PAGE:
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Meet Interesting People From Iraq ... and Kill Them: Marine recruiters attempt to enlist teenagers outside a shopping mall in Flint, Mich., in Michael Moore's new documentary 'Fahrenheit 9/11.'

Burn, Bush, Burn

Michael Moore's new 'Fahrenheit 9/11' scorches

By Geoffrey Dunn

Much to the dismay of Michael Eisner and the Disney Corporation--and one can only assume to the even greater dismay of President George W. Bush and the genocidal hoodlums comprising his administration--Michael Moore's widely heralded and profoundly troubling documentary, Fahrenheit 9/11, will be distributed throughout the country next week by Canadian-based Lions Gate Films. It will open here in Santa Cruz at the Del Mar on June 25.

There were rumors coming out of Cannes that Fahrenheit 9/11 won the Palm d'Or solely on the basis of French political animus for Bush and the war in Iraq. That's merde. Fahrenheit 9/11 is Moore's most mature and nuanced film to date, and certainly his most ambitious: the Flint-born filmmaker is taking on "the leader of the free world" and trying to bring down his international reign of terror. No small target, indeed.

I was invited to a special screening of Fahrenheit in San Francisco last week, and I entered with cautionary anticipation. I have often been troubled by the "cinematic license" employed by Moore in his films and by his self-congratulatory and egocentric posturing. It's all made, admittedly, for some hearty laughs, but most of them were cheap. And they came, I believe, at the expense of his political message.

There's nothing cheap in Fahrenheit 9/11. This film goes for the jugular.

It opens with a rehash of the "stealing" of the 2000 presidential election and the vote-counting debacle in Florida. It's familiar terrain that's been covered before. But when Moore juxtaposes archival network coverage of the contested election with an airplane interview with Bush in which the then-candidate emphatically declares, "We are gonna win Florida; write it down!," one can't escape being sickened by the realization that the fix was in from the get-go.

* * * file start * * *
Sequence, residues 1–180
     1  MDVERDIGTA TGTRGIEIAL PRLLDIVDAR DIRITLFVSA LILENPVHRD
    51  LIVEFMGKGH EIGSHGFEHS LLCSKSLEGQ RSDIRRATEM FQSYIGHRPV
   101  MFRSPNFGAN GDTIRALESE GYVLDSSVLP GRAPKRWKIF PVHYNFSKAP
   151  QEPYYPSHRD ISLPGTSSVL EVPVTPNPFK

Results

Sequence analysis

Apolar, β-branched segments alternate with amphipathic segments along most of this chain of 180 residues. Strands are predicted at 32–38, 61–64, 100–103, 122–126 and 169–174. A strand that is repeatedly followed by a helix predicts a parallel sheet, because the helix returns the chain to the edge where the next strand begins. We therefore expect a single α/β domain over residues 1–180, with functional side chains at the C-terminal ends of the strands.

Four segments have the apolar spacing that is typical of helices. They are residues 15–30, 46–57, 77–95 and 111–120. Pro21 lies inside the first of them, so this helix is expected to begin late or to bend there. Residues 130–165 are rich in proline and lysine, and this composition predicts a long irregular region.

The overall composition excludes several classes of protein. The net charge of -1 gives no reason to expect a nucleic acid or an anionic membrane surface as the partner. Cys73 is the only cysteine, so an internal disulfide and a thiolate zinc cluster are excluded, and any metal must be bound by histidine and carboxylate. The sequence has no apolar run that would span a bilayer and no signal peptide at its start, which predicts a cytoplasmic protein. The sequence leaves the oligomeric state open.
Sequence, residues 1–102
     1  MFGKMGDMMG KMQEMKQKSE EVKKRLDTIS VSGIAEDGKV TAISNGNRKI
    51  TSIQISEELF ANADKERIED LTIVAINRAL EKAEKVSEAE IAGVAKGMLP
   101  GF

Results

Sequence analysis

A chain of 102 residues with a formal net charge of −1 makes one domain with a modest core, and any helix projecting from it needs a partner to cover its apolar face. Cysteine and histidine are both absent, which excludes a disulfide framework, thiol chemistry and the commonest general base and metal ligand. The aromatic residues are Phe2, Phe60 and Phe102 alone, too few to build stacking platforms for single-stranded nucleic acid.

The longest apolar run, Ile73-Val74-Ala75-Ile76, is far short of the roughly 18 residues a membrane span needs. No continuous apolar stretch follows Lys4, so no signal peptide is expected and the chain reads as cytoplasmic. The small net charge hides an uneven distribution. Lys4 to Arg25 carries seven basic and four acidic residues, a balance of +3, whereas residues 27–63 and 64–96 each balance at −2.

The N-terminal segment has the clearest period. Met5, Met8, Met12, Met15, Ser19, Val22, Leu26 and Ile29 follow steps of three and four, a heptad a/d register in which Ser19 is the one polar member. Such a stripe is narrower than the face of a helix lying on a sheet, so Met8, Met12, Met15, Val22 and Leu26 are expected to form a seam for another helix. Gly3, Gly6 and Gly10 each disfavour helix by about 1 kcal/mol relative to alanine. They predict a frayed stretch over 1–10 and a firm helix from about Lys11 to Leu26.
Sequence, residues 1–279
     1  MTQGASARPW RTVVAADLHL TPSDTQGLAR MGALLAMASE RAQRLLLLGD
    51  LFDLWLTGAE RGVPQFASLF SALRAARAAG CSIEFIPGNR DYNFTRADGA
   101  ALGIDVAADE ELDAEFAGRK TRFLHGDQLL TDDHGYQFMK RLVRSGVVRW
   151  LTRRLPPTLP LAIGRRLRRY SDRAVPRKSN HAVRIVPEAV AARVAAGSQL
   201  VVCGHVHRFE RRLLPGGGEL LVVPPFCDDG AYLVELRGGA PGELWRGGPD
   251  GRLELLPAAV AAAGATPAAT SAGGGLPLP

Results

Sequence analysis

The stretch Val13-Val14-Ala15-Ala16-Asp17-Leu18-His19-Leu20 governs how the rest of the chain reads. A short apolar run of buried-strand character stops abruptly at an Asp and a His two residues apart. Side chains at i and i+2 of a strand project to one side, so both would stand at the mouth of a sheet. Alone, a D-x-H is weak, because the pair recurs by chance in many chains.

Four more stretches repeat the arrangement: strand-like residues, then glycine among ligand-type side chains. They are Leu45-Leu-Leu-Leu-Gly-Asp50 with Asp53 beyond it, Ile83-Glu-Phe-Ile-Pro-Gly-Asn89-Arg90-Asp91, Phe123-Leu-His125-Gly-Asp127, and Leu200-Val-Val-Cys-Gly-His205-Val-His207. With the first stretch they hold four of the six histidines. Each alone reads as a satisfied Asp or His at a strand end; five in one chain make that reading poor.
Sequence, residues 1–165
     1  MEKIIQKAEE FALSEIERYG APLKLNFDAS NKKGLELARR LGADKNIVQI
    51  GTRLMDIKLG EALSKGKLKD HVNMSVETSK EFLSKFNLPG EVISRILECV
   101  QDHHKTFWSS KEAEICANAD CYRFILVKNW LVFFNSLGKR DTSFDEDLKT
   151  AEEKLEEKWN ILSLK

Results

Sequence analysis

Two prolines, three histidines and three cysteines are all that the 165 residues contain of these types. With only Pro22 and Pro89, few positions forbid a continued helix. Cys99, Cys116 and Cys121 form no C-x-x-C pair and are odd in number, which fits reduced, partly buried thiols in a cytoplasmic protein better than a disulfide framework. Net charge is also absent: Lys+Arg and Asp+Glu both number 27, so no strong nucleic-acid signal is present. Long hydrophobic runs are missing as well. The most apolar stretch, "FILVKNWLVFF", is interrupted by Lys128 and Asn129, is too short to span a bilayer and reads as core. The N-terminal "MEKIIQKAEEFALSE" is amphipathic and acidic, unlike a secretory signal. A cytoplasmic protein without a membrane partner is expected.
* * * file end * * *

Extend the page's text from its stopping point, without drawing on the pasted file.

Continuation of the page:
What's interesting about Fahrenheit 9/11 is that little, if any, of the "revelations" in the film are new. Indeed, most of them are covered in Moore's bestselling book, Dude, Where's My Country?, particularly its opening chapter, "Seven Questions for George of Arabia," replete with 97 footnotes.

But it's one thing to read about the Bush family's cozy financial links to the Saudi government and the bin Laden family, and it's another to see so many news clips and photos of the Bushes and their Saudi cronies cavorting together.

Then there's the footage of President W. on the fateful morning of Sept. 11, 2001. Bush was in Florida on his way to an elementary school photo-op when he was informed of the first plane crash into the World Trade Center; he continued on to the school. He was in the middle of reading My Pet Goat to the students when an aide walked in and informed him of the second attack.

Contrary to the official line that Bush left immediately following the news, the clip reveals that Bush stayed for an additional seven minutes--the vapid look on his face is absolutely disquieting, given the seriousness of the events--before he got up to leave, not on his own initiative, but at the suggestion of a staff member.

This is the power of documentary film--the unmediated experience that an audience encounters when viewing footage that actually took place--and Moore is in great command of it throughout Fahrenheit.

Perhaps the most haunting images from the film (cut very similarly to the opening sequence of Errol Morris' Fog of War) are those of the überbrokers of the Bush Administration--Donald Rumsfeld, Dick Cheney, John Ashcroft , Paul Wolfowitz, Colin Powell and Condoleezza Rice--having their hair primped and makeup applied in slow motion as they await to make proclamations that will mean life and death in the far corners of the world. The sequence made my skin crawl.

I came out of the San Francisco screening both profoundly disturbed and outraged by Moore's film. Fahrenheit 9/11 is a polemical triumph.

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From the June 16-23, 2004 issue of Metro Santa Cruz.

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